Tablets are doing well compared to at least one device they seem perfectly poised to replace. According to a new study by ABI Research (via Cnet UK), led by the iPad, tablet devices are now outselling netbooks by a ratio of almost two to one. ABI also confirms our own thoughts; that for now at least, the iPad basically is the tablet market.
According to ABI’s calculations, iPads make up 68 percent of the tablet market, although depending on who you ask, that number could be even higher. Regardless, the iPad makes up at least more than two-thirds of the tablet market, so when that market sees 13.6 million sales during the 2011 summer, most of the benefit goes to Apple.
Netbooks, on the other hand, aren’t benefitting from the tablet’s rise. During the same period in which 13.6 million tablets were sold, only 7.3 million netbooks made their way into consumer hands.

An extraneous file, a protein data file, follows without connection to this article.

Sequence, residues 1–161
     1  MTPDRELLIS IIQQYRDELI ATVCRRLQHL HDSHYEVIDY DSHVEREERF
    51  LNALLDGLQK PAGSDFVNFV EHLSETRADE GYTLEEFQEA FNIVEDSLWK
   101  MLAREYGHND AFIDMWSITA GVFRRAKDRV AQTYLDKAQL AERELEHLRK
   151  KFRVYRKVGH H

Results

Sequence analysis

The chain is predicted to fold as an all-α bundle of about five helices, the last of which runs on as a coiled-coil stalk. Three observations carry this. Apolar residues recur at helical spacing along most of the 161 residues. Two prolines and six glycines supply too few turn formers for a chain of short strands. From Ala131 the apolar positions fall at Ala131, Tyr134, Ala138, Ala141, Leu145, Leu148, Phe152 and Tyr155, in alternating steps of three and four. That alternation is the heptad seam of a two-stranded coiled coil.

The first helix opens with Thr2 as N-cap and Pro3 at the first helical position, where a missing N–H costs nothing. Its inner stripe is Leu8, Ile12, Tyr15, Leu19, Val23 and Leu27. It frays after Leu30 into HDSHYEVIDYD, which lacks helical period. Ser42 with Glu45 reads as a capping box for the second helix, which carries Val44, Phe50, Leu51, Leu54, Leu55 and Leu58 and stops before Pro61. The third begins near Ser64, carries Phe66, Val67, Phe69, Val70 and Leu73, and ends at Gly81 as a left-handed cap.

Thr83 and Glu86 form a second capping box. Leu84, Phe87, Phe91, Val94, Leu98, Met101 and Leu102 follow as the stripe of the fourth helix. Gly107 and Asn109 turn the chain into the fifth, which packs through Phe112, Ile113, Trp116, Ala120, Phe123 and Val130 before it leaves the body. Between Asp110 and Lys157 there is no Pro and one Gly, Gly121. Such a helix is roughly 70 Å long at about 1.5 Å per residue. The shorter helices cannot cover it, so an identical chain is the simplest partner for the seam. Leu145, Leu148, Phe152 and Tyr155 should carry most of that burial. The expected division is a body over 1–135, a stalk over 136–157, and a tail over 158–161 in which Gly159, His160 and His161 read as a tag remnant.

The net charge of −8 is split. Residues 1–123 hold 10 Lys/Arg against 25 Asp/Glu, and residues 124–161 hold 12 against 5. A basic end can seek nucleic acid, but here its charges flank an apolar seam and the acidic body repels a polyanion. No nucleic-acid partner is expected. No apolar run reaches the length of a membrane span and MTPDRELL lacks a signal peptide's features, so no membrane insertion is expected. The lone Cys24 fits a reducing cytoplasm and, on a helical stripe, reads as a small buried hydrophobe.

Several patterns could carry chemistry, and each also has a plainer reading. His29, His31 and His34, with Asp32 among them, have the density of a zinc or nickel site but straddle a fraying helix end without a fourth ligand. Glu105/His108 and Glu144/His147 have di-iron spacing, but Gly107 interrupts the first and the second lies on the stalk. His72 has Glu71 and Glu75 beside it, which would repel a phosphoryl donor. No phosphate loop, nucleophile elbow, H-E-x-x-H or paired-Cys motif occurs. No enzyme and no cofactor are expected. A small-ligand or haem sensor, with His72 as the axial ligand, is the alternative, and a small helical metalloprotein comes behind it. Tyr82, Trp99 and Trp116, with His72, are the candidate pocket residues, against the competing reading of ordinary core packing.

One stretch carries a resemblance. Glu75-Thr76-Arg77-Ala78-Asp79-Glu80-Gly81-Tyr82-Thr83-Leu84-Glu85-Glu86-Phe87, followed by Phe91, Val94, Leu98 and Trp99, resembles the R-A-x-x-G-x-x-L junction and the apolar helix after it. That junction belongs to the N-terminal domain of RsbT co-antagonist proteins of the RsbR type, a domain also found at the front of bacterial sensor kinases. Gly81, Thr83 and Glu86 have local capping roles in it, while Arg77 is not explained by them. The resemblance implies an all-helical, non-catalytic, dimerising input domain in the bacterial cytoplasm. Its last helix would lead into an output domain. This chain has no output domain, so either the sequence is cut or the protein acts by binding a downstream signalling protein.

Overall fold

Netbooks maintain popularity in developing countries, where their inexpensive price tags and general compatibility with Windows software and files make them useful as a primary computer, but in developed nations where a lot of the consumer power lies, iPads and tablets are much more appealing to shoppers hungry for the next big thing. Tablets better suit the role of a secondary device, too, since they’re more portable and easier to get up and running quickly in cramped quarters, while commuting, for example.
The iPad has long shown signs of toppling the netbook, but now it’s really putting up the numbers to prove it. Will the iPad (and other low-cost tablet options like the Kindle Fire) ever kill it completely, or can the two formats coexist peacefully?